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Alarming shop vacancy rates for some UK regions

The British Retail Consortium (BRC) has called for urgent action after a study of the high street showed above average shop vacancy shop rates still plaguing parts of the country.

A report by the Local Data Company showed the UK’s empty shop rate stabilised at 14.3% during the second half of last year, but revealed average retail vacancies in the Midlands and the North are nearly double the UK average.

Among the worst performers was Stockport, with a vacancy rate of more than 30%, while Nottingham, Wolverhampton, Grimsby and Blackpool were at over 25%.

According to the data, the best performing town centres in 2011 were mainly in the south and west and included Exeter, Kingston, Camden and Cambridge. Exceptions were York and Harrogate which boast relatively low vacancy rates below 10%.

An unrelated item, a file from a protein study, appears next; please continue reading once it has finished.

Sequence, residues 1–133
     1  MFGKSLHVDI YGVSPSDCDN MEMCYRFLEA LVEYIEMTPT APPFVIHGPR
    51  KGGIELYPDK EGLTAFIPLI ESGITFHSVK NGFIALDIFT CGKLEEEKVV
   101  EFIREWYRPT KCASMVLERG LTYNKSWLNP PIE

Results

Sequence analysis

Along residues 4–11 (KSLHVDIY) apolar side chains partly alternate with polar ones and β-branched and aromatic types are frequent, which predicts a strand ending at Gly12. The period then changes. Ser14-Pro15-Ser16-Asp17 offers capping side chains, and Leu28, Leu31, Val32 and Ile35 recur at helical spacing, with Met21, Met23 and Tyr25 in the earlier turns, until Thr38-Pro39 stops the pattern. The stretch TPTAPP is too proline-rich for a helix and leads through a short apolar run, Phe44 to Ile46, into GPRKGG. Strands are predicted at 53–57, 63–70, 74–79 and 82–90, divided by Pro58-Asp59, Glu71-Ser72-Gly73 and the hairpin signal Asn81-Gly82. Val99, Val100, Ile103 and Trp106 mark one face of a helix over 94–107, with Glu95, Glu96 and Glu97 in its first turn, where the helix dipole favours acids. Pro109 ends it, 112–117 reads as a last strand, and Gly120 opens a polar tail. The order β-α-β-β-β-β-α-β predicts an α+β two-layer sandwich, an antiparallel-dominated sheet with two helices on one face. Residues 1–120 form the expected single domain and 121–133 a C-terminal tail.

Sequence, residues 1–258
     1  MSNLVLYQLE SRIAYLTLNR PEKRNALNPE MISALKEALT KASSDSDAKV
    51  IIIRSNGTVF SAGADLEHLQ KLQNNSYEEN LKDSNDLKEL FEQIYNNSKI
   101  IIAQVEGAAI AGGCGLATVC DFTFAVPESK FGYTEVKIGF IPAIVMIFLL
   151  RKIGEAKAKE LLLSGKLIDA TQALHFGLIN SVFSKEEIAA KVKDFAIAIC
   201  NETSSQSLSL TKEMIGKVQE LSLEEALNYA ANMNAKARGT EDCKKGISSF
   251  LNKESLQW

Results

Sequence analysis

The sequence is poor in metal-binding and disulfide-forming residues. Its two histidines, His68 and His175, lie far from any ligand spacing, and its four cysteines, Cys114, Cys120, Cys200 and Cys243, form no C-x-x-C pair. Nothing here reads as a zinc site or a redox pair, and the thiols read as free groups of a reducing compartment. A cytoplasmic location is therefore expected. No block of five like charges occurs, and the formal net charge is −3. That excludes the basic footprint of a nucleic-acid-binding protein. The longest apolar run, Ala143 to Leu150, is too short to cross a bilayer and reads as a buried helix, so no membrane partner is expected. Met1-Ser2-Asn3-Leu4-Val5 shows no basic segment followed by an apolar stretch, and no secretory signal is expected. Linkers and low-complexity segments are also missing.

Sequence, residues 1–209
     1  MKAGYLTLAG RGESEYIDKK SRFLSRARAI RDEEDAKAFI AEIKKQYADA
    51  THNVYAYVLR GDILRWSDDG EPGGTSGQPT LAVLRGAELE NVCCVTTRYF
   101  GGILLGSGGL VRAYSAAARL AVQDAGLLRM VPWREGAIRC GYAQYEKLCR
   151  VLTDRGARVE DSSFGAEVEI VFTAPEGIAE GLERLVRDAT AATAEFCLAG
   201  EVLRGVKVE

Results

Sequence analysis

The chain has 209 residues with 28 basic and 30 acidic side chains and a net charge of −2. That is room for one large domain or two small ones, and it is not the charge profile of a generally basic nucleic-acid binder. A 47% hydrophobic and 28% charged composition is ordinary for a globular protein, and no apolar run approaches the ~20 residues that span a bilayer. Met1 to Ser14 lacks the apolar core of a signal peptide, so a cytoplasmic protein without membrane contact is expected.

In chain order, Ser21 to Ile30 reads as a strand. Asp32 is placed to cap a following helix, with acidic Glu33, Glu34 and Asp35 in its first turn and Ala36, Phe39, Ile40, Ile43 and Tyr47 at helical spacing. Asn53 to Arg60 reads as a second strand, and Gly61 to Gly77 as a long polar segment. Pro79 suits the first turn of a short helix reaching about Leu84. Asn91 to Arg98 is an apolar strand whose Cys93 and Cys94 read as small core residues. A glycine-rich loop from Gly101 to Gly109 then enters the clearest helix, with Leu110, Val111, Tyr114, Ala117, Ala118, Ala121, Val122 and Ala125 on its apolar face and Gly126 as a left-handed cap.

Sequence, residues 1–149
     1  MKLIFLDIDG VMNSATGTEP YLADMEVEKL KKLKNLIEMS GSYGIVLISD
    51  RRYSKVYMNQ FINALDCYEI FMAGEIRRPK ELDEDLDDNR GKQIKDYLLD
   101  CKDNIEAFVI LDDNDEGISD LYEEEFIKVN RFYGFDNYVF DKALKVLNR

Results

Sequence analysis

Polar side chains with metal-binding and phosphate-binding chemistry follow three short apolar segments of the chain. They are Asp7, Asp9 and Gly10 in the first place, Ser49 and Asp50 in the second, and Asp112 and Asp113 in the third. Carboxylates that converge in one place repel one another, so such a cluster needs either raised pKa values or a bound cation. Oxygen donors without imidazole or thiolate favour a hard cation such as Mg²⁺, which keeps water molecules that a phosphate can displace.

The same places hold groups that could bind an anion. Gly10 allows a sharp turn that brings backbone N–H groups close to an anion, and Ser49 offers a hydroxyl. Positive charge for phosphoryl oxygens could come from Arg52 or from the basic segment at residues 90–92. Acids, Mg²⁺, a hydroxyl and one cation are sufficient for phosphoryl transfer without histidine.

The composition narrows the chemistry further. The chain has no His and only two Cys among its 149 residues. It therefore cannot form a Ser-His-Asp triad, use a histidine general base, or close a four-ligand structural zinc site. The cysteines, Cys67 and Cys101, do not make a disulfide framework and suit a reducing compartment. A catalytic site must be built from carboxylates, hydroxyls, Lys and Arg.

St Albans topped the list of best performers at 8.2%.

The survey, which looked at 700 town centres, casts a bleak shadow for the year ahead after identifying a trend in consumer spend moving away from the high street. It foreasted a rise in vacancy rates for 2012.

British Retail Consortium director general, Stephen Robertson, said: “Long-term plans for reviving our high streets are good but real damage is being done now and needs to be addressed now.  

“The scale of retail failures since Christmas and number of shops standing empty show the effects of high costs and weak demand on retail businesses and the people and places that rely on them.

“Recommendations on town centre management, investment and access which have come from the BRC and the Portas review can help but they are not enough.

“The Government should be keeping down the cost pressures it is responsible for. Most urgently, it should reduce the eye-watering 5.6% business rates increase it plans to impose in April.”

The Local Data Company report cited weak consumer confidence, rising unemployment, continued growth in online sales and a significant number of retail leases ending as contributing factors to the forecast that shop vacancy rates would rise again in the year ahead.

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